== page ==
Say “Kentucky” and a couple of things leap to mind: the Kentucky Derby, bluegrass music and bourbon, of course. Dig deeper and you’ll find the state known as “the most northerly of the southern states and the most southerly of the northern states” offers so much more.
By Josephine Matyas & Craig Jones
Beautiful Louisville, the state’s largest city, is home to the Muhammad Ali Center. Muhammad “The Greatest” Ali made his mark in the professional boxing ring as the motor mouth World Heavyweight Champion who changed his name from Cassius Clay, defected from the Christianity of his youth to Islam, and refused to be drafted to serve in Vietnam. You might remember his verbal barrages mostly about how beautiful he was and how no one could beat him. You might have found all that a little hard to take. The “sweet science” – as boxing is called – does not enjoy universal appeal.
But touring the Muhammad Ali Center and reflecting on the man’s career and personal philosophy in the context of his times, you could be in for a surprise. You might come away realizing that Ali was fighting more than the other guy in the ring. He was fighting a deeply entrenched racism that taught him, and millions with his skin colour, that white was preferred and black was not and that he could never achieve anything of significance.
The surprisingly spiritual Muhammad Ali Center tells the story of a life where the boxing career was merely the vehicle that carried the man into the history of human rights. Six core principles (confidence, conviction, dedication, giving, respect and spirituality) were Ali’s compass through a turbulent career that saw him achieve the highest honours in his sport only to have it stripped by a hostile establishment. In a sense, Ali committed the gravest sin of all: he insisted that his society live up to its own principles.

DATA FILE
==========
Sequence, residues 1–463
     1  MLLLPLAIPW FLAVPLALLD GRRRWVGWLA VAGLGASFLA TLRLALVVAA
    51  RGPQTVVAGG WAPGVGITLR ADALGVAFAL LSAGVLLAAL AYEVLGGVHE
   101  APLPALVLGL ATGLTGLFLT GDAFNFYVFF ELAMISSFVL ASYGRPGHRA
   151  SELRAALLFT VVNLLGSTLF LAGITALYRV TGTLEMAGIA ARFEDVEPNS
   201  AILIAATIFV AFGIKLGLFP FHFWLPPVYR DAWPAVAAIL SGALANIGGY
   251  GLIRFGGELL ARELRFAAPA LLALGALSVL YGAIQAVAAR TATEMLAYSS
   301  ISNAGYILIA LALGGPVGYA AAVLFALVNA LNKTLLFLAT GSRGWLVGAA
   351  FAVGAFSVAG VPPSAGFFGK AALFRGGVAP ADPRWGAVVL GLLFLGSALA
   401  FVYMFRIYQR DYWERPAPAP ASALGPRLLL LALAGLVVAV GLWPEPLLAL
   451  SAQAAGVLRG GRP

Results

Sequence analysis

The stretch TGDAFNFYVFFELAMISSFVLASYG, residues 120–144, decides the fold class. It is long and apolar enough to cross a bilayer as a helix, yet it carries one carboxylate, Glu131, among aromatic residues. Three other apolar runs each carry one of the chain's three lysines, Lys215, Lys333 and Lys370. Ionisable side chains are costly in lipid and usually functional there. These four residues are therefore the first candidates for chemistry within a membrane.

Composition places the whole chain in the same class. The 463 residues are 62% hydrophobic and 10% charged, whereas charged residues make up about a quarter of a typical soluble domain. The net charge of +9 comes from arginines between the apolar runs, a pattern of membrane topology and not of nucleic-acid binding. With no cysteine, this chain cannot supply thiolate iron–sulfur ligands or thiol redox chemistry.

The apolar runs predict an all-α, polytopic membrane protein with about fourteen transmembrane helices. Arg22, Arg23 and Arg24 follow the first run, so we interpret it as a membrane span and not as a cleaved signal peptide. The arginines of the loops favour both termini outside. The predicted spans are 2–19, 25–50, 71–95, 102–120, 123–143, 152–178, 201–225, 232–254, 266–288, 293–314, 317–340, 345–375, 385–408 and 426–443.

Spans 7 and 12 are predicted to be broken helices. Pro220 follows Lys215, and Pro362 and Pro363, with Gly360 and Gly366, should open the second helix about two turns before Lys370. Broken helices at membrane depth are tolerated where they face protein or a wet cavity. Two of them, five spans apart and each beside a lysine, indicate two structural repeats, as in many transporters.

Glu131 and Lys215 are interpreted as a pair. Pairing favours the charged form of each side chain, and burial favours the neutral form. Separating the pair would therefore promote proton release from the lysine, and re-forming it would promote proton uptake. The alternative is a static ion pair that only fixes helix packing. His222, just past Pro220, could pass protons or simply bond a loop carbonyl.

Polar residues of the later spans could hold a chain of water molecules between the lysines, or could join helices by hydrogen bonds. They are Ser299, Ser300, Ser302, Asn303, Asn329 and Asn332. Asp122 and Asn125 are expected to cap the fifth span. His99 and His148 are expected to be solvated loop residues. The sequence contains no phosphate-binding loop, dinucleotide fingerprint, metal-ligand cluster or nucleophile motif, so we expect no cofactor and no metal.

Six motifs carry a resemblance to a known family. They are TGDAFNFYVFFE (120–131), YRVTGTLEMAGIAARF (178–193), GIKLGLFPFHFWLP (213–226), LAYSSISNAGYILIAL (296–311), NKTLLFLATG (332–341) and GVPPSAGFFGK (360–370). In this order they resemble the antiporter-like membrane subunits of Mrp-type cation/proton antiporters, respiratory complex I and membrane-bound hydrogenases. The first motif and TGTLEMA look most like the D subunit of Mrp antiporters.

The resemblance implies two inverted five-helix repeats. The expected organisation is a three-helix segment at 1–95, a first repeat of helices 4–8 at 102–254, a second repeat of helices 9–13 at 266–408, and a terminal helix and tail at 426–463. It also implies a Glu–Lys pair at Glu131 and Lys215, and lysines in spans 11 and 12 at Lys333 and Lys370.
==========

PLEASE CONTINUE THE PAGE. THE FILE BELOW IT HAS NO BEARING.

The Center’s focus is on global ideas, on his philosophy, his approach to life and his humanitarian outreach as an ambassador of peace, of social justice and of spiritual growth. Many of the displays are interactive: Muhammad Ali became popular as television was coming of age, so much of the man’s history revolves around the media, including both his sports and humanitarian works.
Give yourself a lot of time and be prepared to do a lot of reading and reflecting. Odds are you won’t come away unchanged.
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